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Depriest v. State

Court of Appeals of Indiana

October 24, 2018

Malcolm R. DePriest, Appellant-Defendant,
v.
State of Indiana, Appellee-Plaintiff

          Appeal from the Vanderburgh Circuit Court Trial Court Cause No. 82C01-1712-F4-7397 The Honorable David D. Kiely, Judge The Honorable Michael J. Cox, Magistrate

          ATTORNEYS FOR APPELLANT Scott L. Barnhart Brooke Smith Keffer Barnhart LLP Indianapolis, Indiana

          ATTORNEYS FOR APPELLEE Curtis T. Hill, Jr. Attorney General of Indiana Justin F. Roebel Deputy Attorney General Indianapolis, Indiana

          CRONE, JUDGE.

         Case Summary

         [¶1] Malcolm R. DePriest appeals his convictions for level 4 felony unlawful possession of a firearm by a serious violent felon ("SVF") and class A misdemeanor resisting law enforcement. He argues that the trial court committed fundamental error by instructing the jury that there would be a second phase of the trial if the jury found beyond a reasonable doubt that he knowingly or intentionally possessed a firearm. Finding no error, we affirm.

         Facts and Procedural History

         [¶2] On September 28, 2017, an Evansville police officer responded to a report of an incident in progress involving a man with two guns. The officer saw DePriest exit a building, get on a bicycle, and ride away. The officer activated his emergency lights and followed DePriest. DePriest looked back twice at the officer. The officer briefly activated his siren twice. DePriest started peddling faster. The officer saw DePriest take a handgun from his waistband and throw it. DePriest was eventually stopped and arrested, and the handgun was recovered.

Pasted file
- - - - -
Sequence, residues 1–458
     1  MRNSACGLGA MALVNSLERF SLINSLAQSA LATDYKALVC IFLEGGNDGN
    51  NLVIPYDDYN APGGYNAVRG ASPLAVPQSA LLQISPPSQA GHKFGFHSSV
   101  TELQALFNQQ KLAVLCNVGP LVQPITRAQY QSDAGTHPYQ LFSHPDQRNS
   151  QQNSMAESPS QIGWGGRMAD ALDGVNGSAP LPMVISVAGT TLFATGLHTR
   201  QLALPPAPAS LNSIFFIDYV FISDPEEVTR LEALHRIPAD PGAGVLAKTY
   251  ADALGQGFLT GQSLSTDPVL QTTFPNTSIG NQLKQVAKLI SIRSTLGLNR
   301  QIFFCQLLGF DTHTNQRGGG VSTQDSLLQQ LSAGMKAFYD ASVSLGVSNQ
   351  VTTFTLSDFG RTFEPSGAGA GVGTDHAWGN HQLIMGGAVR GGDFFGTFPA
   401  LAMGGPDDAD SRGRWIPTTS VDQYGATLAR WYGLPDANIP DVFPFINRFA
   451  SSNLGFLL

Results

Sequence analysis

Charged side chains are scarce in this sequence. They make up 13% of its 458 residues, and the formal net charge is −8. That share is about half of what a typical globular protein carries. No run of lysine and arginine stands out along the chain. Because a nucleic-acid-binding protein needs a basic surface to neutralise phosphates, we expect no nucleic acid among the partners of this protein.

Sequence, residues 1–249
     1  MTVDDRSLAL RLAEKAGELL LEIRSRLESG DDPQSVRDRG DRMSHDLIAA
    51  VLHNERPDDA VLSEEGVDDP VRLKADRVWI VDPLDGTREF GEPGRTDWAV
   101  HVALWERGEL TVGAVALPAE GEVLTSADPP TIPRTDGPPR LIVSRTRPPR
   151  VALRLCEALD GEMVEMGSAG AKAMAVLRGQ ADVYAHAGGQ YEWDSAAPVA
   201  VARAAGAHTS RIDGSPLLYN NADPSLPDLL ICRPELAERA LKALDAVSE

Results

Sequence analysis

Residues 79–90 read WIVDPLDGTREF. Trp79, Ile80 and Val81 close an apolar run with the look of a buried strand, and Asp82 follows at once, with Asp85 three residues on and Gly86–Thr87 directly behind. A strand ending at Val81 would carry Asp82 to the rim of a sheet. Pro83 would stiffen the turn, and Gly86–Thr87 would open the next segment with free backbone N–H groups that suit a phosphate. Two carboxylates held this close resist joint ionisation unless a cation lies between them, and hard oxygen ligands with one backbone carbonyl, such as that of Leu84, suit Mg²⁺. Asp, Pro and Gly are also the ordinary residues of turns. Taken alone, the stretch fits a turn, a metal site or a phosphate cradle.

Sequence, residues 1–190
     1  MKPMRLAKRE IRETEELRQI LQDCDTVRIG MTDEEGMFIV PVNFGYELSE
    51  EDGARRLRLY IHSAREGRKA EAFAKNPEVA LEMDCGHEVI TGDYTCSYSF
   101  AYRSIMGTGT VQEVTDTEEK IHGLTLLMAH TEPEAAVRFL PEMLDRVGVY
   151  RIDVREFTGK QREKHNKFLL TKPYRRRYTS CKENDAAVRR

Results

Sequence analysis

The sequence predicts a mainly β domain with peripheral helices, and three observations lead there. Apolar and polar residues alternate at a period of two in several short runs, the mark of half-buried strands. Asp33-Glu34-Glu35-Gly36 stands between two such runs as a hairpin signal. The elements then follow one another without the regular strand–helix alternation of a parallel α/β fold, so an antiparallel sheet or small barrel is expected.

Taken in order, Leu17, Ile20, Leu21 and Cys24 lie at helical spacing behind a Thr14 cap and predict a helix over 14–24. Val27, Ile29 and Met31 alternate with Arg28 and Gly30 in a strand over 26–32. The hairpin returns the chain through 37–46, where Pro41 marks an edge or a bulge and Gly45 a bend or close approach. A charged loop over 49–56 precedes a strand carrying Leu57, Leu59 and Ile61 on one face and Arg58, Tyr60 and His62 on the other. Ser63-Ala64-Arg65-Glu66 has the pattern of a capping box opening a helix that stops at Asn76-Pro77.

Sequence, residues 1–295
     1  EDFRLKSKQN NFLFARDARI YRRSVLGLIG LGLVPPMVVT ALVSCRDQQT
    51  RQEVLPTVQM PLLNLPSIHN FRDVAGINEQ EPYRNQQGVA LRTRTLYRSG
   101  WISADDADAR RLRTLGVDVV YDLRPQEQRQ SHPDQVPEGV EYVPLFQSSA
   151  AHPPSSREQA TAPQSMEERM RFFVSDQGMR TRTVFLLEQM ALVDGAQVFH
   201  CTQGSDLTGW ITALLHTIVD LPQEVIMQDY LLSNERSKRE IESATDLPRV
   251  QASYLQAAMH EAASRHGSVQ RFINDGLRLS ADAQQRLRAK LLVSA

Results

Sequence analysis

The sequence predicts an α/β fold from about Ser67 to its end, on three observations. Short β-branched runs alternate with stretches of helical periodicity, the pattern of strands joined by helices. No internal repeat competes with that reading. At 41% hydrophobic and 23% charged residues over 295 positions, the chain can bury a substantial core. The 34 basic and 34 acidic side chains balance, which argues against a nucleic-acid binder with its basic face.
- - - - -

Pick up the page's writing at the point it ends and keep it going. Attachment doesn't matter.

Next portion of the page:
[¶3] The State charged DePriest with level 4 felony unlawful possession of a firearm by a SVF and class A misdemeanor resisting law enforcement and alleged that he was a habitual offender. At trial, the trial court provided the jury with the following preliminary instruction:

In Count 1, the Defendant is charged with Possession of a Firearm in Violation of Indiana Code. The trial will be in two (2) stages. In the first stage, there will be a trial on the issue of whether the Defendant knowingly or intentionally possessed the firearm as charged in Count 1. If you find beyond a reasonable doubt that the Defendant knowingly or intentionally possessed the firearm as charged in Count 1, there will be a second stage of the trial. In the second stage, there will be a trial of the issue whether the Defendant committed a crime by possessing a firearm.

         Appellant's App. Vol. 2 at 50. Neither party objected to the instruction.

         [¶4] The jury found that DePriest knowingly or intentionally possessed a firearm and found him guilty of resisting law enforcement. DePriest admitted that he was a SVF and a habitual offender. The trial court sentenced DePriest to six years for unlawful possession of a firearm by a SVF, with a seven-year enhancement for being a habitual offender and a concurrent one-year sentence for resisting law enforcement. This appeal ensued.

         Discussion and Decision

         [¶5] DePriest asserts that the preliminary instruction on bifurcation constituted fundamental error. We observe that "[t]he manner of instructing a jury is left to the sound discretion of the trial court. We will not reverse the trial court's ruling unless the instructional error is such that the charge to the jury misstates the law or otherwise misleads the ...


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